With the holidays quickly approaching, my schedule has become almost painfully full. Before I find myself completely bogged down in the hysteria of the next week, I wanted to touch briefly on the spirit of the upcoming holiday.
Thanksgiving means different things for different people. When I was a kid, it was an event–one filled with a slew of relatives, more food than any one family could possibly consume, and four hours of dishwashing. Looking back, I have a lot of fond memories: my grandmother offering unsolicited cooking advice my mother tried very hard to ignore, my brother torturing me with Star Wars…or The Empire Strikes Back (I’ve never been able to sit through those movies long enough to tell them apart). My aunt liked to avoid the kitchen altogether so she could sit with us kids in the living room and make fun of everyone else.
We didn’t talk much about what we were grateful for. The day was for food and family, and I’ve kept with this tradition my entire life. Lately, however, I’ve read a lot of articles reminding me of the deeper meaning of the holidays.
I work in retail, which makes it remarkably easy to forget that Thanksgiving is anything other than the day before Black Friday. Preparations have already been made in every retail outlet in this country for the flood of shoppers heading out as early as 5 p.m. Thanksgiving night to scoop up the best of the bargains. My store will be a madhouse, my day a blur of harried apologies for already being out of stock on the hottest items. Honestly, I’m not looking forward to it. I’m very much afraid I’ll end the day bitter and exhausted–and that’s no way to spend Thanksgiving Day.
In an effort to remain festive (or at least to regain a small bit of my good will towards man), I’d begun drafting a list of things I’m thankful for. My goal was to add one new item every day, then read it after I got home from work Thursday. I started with the obvious “my family,” “my home,” etc. Then I stopped, and really thought about it.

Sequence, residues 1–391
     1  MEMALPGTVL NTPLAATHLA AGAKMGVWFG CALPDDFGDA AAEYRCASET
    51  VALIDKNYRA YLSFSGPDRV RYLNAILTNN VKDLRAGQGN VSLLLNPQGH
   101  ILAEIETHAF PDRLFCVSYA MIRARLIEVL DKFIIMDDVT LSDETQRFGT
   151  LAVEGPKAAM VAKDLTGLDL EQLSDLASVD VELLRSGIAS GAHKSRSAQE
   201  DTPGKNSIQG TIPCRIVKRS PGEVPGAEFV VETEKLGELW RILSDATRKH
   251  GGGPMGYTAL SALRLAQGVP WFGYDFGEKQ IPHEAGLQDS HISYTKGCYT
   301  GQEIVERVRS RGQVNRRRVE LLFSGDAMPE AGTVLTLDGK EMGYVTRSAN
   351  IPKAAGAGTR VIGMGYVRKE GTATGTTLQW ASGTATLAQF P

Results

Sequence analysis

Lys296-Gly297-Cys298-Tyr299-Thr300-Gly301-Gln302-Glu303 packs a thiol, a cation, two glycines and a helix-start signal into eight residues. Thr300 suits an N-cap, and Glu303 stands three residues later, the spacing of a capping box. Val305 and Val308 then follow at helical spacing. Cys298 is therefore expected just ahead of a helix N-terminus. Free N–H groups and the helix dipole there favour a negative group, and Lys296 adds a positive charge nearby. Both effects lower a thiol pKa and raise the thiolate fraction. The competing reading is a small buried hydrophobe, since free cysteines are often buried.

It’s easy to be thankful for children, a spouse, a job you like, food in the cabinets. Every single day, I take a moment to give thanks for the people in my life and the advantages I have. Whether I write it down or not, I’m already aware of these things. The real challenge would be finding good within the bad. Taking an unpleasant memory, discovering the hidden blessing, and being grateful.
Much to my surprise, I came up with several. This is my favorite:
About ten years ago, I took my minivan into the shop for an oil change. My husband was out of town for business and the oil change was overdue. I called the garage, set up an appointment, and packed some toys for my son to play with while we waited. I think the mechanics saw me coming a mile away. They took the van in the back, raised it up, talked amongst themselves a bit, then came down to sit with me. “Ma’am, were you aware of how bad your brakes are?”
Well, yeah. They’d been squealing a bit recently. We were getting by, financially, but the expense of rotors and shoes (or whatever) would have to wait a few weeks.
“Ma’am, I can’t in good conscience advise you to continue driving your little boy around without getting these fixed.”
It was a good tactic. Immediately, I responded as they’d hoped. “Are they really that bad?”
For the better part of twenty minutes, this guy proceeded to scare the crap out of me. My brakes were EATING through my rims. It was only a matter of time (and there wasn’t much left) before the metal gave. Why, I could drive three blocks away from here and my TIRES COULD POP RIGHT OFF. That’s right…my wheels could just fly off the frame.
That’s what the guy told me. Being young, naïve, and without the slightest knowledge of automobiles, I bought this. I was biting my lip, biting my nails, nervously trying to figure out how I could scrape together the $400 bucks this guy needed to keep the tires from spontaneously detaching from the van.
He was cutting me a deal, and I was desperate to take him up on it. If I’d had the money, or could have seen a way to get the money, I would have handed it over then and there. Because I didn’t, I drove home going 10 mph and didn’t leave the house again until my husband made it home–at which point he explained to me the impossibility of the story I’d been told.
A young couple struggling to make ends meet, we were not grateful to be “poor.” We should’ve been. Lack of money is the only thing that prevented me from wasting $400.
No, it’s not the most touching of stories, but I did what I set out to do. I took a memory that has aggravated me for a decade, and found a reason to be grateful.